The Heart of the Matter —

Yes, corn is my first love. (And asparagus is my second, but that’s a springtime story —) In general, most members of the vegetable tribe have at least my strong affection. Here’s one of those vegetable loves that requires a great deal of patience — yet like some temperamental people, amply repays the effort:

Coping with Artichokes

I think this artichoke makes an effective still life, even if — or perhaps because — all those circling leaves have been scraped through already, while the tender heart beyond the prickles still waits to be revealed. Even the spent leaves of the artichoke seem to me to be ultimately attractive. I wonder if there’s a parable lurking somewhere here?

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16 Responses to The Heart of the Matter —

  1. Elisa says:

    I’d never seen one growing before this summer. Someone at the community garden has them planted. I am petrified of them! I just know they can kill you and I can never remember what to do with them, so that they do not. One small ineptitude equals sure death! YIKES!!

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    • Touch2Touch says:

      Something prickly that has a heart of — if not gold, then deliciousness! Needing someone brave and knowledgeable to get through the defenses.
      Does this remind you a little of the story of Sleeping Beauty? It always does me!
      So all you need is someone who knows how to eat artichokes to show you how! No more ineptitude —
      And definitely no sudden death! The worst would be a little cough —
      ELISA! Be sure and look at the Tin Man’s post. It’s an answer to your unasked question!
      šŸ™‚

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  2. Oh yum yum yum but I don’t get corn.

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  3. Angelia Sims says:

    Yum! I love these too. šŸ™‚

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  4. I, too, love artichokes. Your photo is lovely and enticing! I know you read my post of long ago but since we are talking artichokes, I thought I would give you the link again…….. http://the-tin-man.com/2012/03/21/the-demoniac-vegetable-artichokes/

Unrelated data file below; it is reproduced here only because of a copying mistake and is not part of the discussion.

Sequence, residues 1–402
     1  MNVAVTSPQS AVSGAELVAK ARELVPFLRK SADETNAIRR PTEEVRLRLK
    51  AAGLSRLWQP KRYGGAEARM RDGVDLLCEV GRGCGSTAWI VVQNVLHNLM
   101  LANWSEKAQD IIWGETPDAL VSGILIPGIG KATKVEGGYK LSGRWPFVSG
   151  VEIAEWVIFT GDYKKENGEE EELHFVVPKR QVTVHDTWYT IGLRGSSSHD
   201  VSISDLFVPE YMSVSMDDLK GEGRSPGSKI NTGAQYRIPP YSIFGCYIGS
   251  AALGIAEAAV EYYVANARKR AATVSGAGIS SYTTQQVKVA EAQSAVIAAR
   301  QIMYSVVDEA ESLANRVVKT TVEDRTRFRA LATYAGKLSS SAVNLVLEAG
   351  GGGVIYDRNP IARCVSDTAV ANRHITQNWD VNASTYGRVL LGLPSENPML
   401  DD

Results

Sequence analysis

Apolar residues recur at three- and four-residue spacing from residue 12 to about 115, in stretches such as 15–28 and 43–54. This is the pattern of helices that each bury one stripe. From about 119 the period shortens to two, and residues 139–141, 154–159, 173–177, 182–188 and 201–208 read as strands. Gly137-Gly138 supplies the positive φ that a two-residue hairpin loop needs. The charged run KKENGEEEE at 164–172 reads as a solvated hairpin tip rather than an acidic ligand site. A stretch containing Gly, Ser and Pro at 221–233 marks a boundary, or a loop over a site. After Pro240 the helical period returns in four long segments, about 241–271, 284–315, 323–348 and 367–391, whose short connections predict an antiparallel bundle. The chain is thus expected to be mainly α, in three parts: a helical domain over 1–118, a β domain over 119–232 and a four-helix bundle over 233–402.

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    • Touch2Touch says:

      Emil, That post dates from before my discovery of you! So I am thrilled to have it. I hope Elisa (see her comment) sees it. It will stop her worrying, and start her cooking, I think.
      Oh that one day we could meet over a plateful of artichokes and while away an afternoon!
      Meanwhile, good luck with your current handsome crop.

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  5. mybrightlife says:

    I enjoy my artichoke soaked in oliveoil, accompanied with anchovies and slices of red and yellow roasted peppers and with chunks of garlic just for an extra twist….The best things are often found when one takes the time to work through to the heart of the matter…that might be the parable?

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  6. Madhu says:

    I love artichokes too, and used to grow some in the winter months up in the hills. But we rarely get fresh ones here in the city.

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    • Touch2Touch says:

      In California it seems to me they eat them all year around! But here in New England it’s more like catch as catch can.
      If I ever see them looking round and fresh and fat, and they don’t cost the earth, that’s what’s for supper!

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  7. I have only tried to cook an artichoke once – hoping for some of that “vegetable love.” So I trimmed off the outside leaves (aren’t they ALL outside leaves after a while?) and cut out the choke (where does THAT end?)…and by the time I was done, ended up with this little stubble of a thing I could barely hold in my hand. Maybe sometime I will figure it out? Until then, foodie photos will have to suffice.

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    • Touch2Touch says:

      Well, our course is clear. Next time you come this way north, I do lunch for you, and you’ll enjoy (I certainly hope!) an artichoke tout complet —
      With parmesan aioli or melted butter, your choice.
      šŸ™‚

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